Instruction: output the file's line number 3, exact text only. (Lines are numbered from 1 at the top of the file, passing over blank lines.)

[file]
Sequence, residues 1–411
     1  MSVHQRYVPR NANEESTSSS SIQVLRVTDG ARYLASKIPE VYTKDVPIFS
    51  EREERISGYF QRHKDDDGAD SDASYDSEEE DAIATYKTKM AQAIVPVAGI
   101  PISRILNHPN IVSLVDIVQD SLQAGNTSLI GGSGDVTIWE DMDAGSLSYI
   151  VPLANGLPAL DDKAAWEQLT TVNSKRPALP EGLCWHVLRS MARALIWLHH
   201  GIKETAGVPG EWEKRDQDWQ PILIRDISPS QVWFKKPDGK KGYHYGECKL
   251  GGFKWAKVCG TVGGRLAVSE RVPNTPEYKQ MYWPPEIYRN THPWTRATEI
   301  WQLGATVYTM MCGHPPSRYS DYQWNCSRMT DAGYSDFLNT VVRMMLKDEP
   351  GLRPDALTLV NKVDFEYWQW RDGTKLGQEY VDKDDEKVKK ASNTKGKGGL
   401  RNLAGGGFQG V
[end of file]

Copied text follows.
    51  EREERISGYF QRHKDDDGAD SDASYDSEEE DAIATYKTKM AQAIVPVAGI